Posted November 30, 2008
Since I read this quote by Clay Shirky, ”process is an embedded reaction to prior stupidity” it’s been at the top of my very long Shirky quote list. For someone like me who thrives on doing things, bureaucracy is a nightmare.
Another of my favorite authors, Paul Graham, wrote a great essay along the same vein today, talking about the gradual build-up of checks and processes and the very real cost those checks impose upon all of us.
Some of my favorite parts:
One of the differences between big companies and startups is that big companies tend to have developed procedures to protect themselves against mistakes. A startup walks like a toddler, bashing into things and falling over all the time. A big company is more deliberate.
The gradual accumulation of checks in an organization is a kind of learning, based on disasters that have happened to it or others like it. After giving a contract to a supplier who goes bankrupt and fails to deliver, for example, a company might require all suppliers to prove they’re solvent before submitting bids.
As companies grow they invariably get more such checks, either in response to disasters they’ve suffered, or (probably more often) by hiring people from bigger companies who bring with them customs for protecting against new types of disasters.
It’s natural for organizations to learn from mistakes. The problem is, people who propose new checks almost never consider that the check itself has a cost.
Whenever someone in an organization proposes to add a new check, they should have to explain not just the benefit but the cost. No matter how bad a job they did of analyzing it, this meta-check would at least remind everyone there had to be a cost, and send them looking for it.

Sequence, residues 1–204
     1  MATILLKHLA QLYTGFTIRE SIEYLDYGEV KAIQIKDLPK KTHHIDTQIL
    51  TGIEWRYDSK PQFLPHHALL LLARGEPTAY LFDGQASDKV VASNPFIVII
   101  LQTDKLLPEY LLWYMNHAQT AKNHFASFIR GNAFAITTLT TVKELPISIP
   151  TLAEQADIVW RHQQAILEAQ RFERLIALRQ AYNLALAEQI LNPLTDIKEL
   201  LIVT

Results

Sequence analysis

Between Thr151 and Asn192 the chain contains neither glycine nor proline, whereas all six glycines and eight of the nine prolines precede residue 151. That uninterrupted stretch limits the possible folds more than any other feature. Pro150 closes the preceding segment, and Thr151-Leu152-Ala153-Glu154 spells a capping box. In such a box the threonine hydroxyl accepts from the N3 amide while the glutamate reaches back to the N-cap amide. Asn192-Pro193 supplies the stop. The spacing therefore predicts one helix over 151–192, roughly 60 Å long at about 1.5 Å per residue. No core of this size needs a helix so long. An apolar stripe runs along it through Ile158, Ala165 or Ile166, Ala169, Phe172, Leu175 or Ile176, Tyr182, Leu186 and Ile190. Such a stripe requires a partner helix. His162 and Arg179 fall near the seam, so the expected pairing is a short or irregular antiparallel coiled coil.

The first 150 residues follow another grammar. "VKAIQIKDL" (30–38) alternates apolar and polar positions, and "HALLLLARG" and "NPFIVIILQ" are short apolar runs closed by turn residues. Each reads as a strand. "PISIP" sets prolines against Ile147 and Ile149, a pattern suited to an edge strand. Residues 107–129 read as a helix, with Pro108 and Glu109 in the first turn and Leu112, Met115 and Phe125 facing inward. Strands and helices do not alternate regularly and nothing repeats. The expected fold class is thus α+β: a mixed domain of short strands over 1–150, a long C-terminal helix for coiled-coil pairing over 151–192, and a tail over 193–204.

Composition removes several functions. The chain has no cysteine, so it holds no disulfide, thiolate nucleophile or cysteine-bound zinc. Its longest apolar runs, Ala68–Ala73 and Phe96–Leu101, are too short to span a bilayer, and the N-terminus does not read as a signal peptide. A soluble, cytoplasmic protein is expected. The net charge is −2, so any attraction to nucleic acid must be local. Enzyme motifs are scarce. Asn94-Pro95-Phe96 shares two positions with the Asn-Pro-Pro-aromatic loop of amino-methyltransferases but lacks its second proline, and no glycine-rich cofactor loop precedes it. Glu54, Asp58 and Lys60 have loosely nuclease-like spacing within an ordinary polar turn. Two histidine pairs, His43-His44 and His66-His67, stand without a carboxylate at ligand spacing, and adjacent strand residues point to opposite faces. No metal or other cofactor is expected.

If companies started doing that, they’d find some surprises. Joel Spolsky recently spoke at Y Combinator about selling software to corporate customers. He said that in most companies software costing up to about $1000 could be bought by individual managers without any additional approvals. Above that threshold, software purchases generally had to be approved by a committee. But babysitting this process was so expensive for software vendors that it didn’t make sense to charge less than $50,000. Which means if you’re making something you might otherwise have charged $5000 for, you have to sell it for $50,000 instead.
The purpose of the committee is presumably to ensure that the company doesn’t waste money. And yet the result is that the company pays 10 times as much.
In more recent times, Sarbanes-Oxley has practically destroyed the US IPO market [Ha! My accounting teachers never mentioned this]. That wasn’t the intention of the legislators who wrote it. They just wanted to add a few more checks on public companies. But they forgot to consider the cost. They forgot that companies about to go public are usually rather stretched, and that the weight of a few extra checks that might be easy for General Electric to bear are enough to prevent younger companies from being public at all.
Programmers are unlike many types of workers in that the best ones actually prefer to work hard. This doesn’t seem to be the case in most types of work. When I worked in fast food, we didn’t prefer the busy times. And when I used to mow lawns, I definitely didn’t prefer it when the grass was long after a week of rain.
Programmers, though, like it better when they write more code. Or more precisely, when they release more code. Programmers like to make a difference. Good ones, anyway.
Great stuff, read the whole thing.
Kyle Mathews lives and works in Berkeley building useful things. You should follow him on Twitter